Marine Heads Suppliers Share Reasons Why Positive Rudder Angles Are So Important

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Your Marine Heads Manufacturers Gives Great Tips On Improving Your Rudder Angles

Raritan Engineering your marine heads distributors would like to share with you topics we thought would be of interest to you this month regarding the importance of positive rudder angles.

Your marine heads distributors talk about why a big piece of the “speed loop” that’s often overlooked, especially in smaller boats, is rudder angle. I was recently chatting with main trimmer Warwick Fleury about_ Alinghi 100_, the winning boat in the 32nd America’s Cup. They sailed this boat when it was new for some time thinking it was perhaps not a step forward. Then one day, they put up a jib that was built for a different rake than the normal rake. All of a sudden, the boat started winning speed tests and eventually won the Cup. We had a similar situation at Luna Rossa with an older boat. Everything possible had been tested, from rudders to keels and masts to structures. It was not a very fast boat. Then we moved the mast forward a few inches, and the boat came alive. The gain from getting the balance correct was bigger than anything else we tested.

So amid such talk about optimum rake for various boats, how can you tell when you’ve really nailed it—that it’s just right? Your GTA 5 submarine parts suppliers discuss how the answer can often be found in the amount of helm you’re carrying. In very general terms, you want to sail upwind with an angle of attack of about 5 to 7 degrees. The angle of attack is the sum of your rudder angle and the amount of leeway you’re making (see diagram).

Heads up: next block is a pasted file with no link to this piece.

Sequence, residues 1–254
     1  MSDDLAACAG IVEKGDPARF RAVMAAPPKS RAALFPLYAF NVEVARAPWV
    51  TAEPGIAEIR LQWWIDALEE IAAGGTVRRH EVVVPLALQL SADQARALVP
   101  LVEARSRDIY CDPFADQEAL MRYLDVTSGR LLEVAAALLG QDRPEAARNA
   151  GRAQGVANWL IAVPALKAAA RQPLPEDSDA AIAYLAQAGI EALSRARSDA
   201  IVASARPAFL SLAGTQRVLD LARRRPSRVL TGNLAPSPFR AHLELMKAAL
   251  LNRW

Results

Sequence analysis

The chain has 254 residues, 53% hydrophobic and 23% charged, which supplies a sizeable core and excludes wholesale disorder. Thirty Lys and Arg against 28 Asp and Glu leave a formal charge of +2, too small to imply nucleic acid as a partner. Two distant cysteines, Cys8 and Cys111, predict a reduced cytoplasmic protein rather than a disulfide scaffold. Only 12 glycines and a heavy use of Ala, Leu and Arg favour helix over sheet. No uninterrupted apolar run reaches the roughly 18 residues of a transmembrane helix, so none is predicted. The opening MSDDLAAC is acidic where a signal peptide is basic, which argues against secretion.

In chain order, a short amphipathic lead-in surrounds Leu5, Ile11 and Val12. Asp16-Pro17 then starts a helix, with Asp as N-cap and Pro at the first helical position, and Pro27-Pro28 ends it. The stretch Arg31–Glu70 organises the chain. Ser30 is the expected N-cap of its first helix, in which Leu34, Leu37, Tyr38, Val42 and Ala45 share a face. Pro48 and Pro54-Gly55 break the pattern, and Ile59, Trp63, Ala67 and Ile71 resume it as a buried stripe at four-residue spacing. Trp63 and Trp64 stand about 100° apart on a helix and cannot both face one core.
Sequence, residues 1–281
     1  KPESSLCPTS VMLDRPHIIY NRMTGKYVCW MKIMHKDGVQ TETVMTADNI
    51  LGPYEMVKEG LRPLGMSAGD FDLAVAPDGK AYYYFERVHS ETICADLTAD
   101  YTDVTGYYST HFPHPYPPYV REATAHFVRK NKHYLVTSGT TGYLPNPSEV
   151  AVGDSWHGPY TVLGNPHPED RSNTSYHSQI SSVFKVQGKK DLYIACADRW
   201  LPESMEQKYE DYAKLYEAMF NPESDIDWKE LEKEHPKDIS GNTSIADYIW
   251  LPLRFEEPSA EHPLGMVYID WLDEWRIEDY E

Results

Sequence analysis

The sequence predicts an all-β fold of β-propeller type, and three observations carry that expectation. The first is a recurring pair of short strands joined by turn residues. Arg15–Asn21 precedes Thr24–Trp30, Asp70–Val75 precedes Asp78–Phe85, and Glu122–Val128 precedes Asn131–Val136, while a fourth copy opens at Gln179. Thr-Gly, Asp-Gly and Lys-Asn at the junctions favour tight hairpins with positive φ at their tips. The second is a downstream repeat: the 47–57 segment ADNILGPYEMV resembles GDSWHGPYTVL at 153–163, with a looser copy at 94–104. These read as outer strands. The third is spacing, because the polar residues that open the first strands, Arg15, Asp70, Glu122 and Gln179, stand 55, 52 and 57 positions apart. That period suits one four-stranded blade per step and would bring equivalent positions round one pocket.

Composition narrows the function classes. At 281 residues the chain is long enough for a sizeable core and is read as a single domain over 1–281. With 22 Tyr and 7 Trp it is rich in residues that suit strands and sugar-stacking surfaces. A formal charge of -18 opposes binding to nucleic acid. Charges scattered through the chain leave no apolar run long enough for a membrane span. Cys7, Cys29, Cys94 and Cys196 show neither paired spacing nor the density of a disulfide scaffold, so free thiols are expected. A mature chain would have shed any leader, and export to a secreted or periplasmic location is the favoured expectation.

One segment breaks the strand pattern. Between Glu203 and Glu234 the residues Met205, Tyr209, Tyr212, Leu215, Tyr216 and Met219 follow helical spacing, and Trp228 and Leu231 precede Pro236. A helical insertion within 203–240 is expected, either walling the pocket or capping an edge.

How much leeway does your boat make? It can be tough to figure this out; you can measure forever and still not account for things such as current, waves, boatspeed, and angle of heel. 

Your Marine Heads Specialists Discuss Further Why It Is Important to Consider Different Tactics

Don’t forget to browse our selection of marine heads at Raritan Engineering, where we always take care of your marine supply needs.

Your marine heads experts share the point that once you have a sense for the amount of leeway your boat makes, the next step is to find out where the tiller is, relative to the boat’s centerline, when the rudder is lined up with the keel or centerboard. Just because the tiller is centered, don’t assume the rudder is, too. I’ve found that the tiller will almost always be off to one side or another. 

Once you know where the tiller is when the rudder is centered, you can create some benchmarks. Your marine parts source manufacturers talk about how with the tiller locked in the rudder-centered position, rotate the tiller extension so that it is 90 degrees from the tiller. Put a mark on the tiller extension (if its length is not adjustable, use the end of it) and then put a corresponding mark on the side of the deck, directly under it (see diagram inset). 

It’s helpful to know your rudder angle in situations other than when sailing upwind. Whenever you’re accelerating out of a tack or accelerating on the starting line, you need to have your rudder on, or close to, centerline. You can use the marks you put on the deck to confirm its location.

Even downwind you want some positive helm, especially if you’re not sailing dead downwind. Your marine parts express professionals share how that at any time you’re hiking or planing on boats with asymmetric spinnakers, you’re generating side force. 

Buy a marine head here at Raritan Engineering, where we can answer all of your marine supply concerns and questions.

via The Power of Positive Rudder Angle

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